Home of the Brave Turtles and Crabs
I was very excited when I heard this edition was going to celebrate our local environment. It gave me a perfect excuse to smile and reminisce about my aquatic education.
When I moved to Rehoboth, I really didn’t know there would be so much to learn about my new hometown—beyond how challenging parking is in the summer.
For example, I learned it doesn’t matter which beach you go to: if Piping Plovers want a piece of a particular beachfront property, they get it. I suggest the Purple Parrot Biergarten pay proper attention and guard its sand judiciously.
I learned there are fifteen species of turtles in my new, “greater” backyard, and many of them are becoming more and more endangered. People volunteer to help the endangered diamondback terrapins literally cross the road (Route 1 between Rehoboth and Bethany Beaches) to get to the other side, aka their nesting habitat.
For the record, ladies, this passage is the job of female turtles who, if they survive the mating ritual, get to drag themselves up out of the water, over the dunes, and across the road to where—if they make it—they can lay those eggs.
Presumably, the male turtles are off somewhere smoking a cigar and boasting of their prowess.
So if you happen to see a turtle crossing the road, stop and give a lady a hand. Pick her up and gently place her on the other side, in the same direction she was already heading.
Meanwhile, other things I was busy learning included another turtle species, painted turtles. When one of these pond dwellers shows up in your yard, they are really big, and they look like a Star Wars creature, with bright red streaks across their massive arms. They have red hieroglyphics on the underside of their shell, making it a very striking, rather ancient looking, cave-ish mobile domicile. They are not to be confused with the spotted turtle of the yellow dots on black shell.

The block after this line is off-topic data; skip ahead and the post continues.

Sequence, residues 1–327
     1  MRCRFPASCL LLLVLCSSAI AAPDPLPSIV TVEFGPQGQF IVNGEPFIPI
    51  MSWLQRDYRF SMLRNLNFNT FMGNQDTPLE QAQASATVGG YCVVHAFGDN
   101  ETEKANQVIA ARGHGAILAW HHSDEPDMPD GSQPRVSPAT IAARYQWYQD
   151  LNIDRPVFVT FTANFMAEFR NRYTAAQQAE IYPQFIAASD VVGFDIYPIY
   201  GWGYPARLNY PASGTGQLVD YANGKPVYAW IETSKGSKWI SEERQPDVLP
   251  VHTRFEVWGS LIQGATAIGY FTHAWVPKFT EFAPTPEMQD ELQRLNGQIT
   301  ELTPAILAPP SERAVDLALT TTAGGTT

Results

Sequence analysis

So while I didn’t move here to become nature-gal, nature was often hard to miss.
After all, here is the beach which—who knew?—came with crabs. Lotsa crabs. Of them all, I think the ghost crab was not only one of the first I saw, but the first crab I fell in love with.
They look like two-inch wide, rectangular-shaped versions of Casper—just add claws. Like all crabs, life begins for a ghost crab in the water. But interestingly, the older a ghost crab gets, the more water-independent it becomes. So if you see one way-up-the-beach, congratulate it on a life well lived.
Which apparently isn’t so easy for a ghost crab. These nocturnal fellows have perhaps the most hard-scrabble existence of the crab community, considering they have to find their food in the sand, which if you think about it, is kind of unpleasant to say the least. Would you pick up that slice of Louie’s you dropped and eat it? I think not. So how do they manage? Their secret is their pinchers, which can dice a grain. For us—important to note!—ghost crab pinchers are not just for show.
Not like the male fiddler crab, whose oversized claw has apparently one purpose…the bigger that claw, the sexier the man. Wow. I hear it’s kind of like going to Aqua on a hot summer’s night. Who knew? The things you learn at the beach.
And “the beach” wasn’t always in downtown Rehoboth or Lewes; sometimes it was all-the-way-out at Slaughter Beach. That’s where I came upon a sight like something out of a science fiction movie, or maybe a war movie where battlefield graves are marked by upright bayonets. There were thousands of odd creatures, some pointing toward the sky, piled in stacks up and down the beach.
That’s when I learned lower slower Delaware is the largest spawning area in the world for the “living fossil” known as the horseshoe crab.
I learned they aren’t actually crabs, but more closely related to tics. I learned they are virtually unchanged throughout their evolution, dating back to the year BD—Before Dinosaurs. I learned if you love birds, you’ve got one more reason to love horseshoe crabs: the Red Knot, which flies from Brazil to the Arctic, depends on horseshoe crabs for survival. I learned the claws, unlike those of the aforementioned ghost crab, are pretty much for show.
Many horseshoe crabs I saw were lying upside down, their pointed tails (called telsons) standing vertical. I learned they are not dead, just stranded and folded in a position that protects their gills. If you turn them over, or carry them back to the water by gently picking them up from both sides of their big shell, you can save them.
And why should you? Because in the 1970s the Food and Drug Administration licensed a medical test that employed horseshoe crab blood as its main component. The blood-based test is used to detect contamination in injectable drugs and on surgical implants.
People who get hip replacements can include horseshoe crabs on the list of beings to thank.
Yeah. I thought you might like to know.▼
Stefani Deoul is the author of the YA mystery novel On a LARP from Bywater Books. Contact Stefani.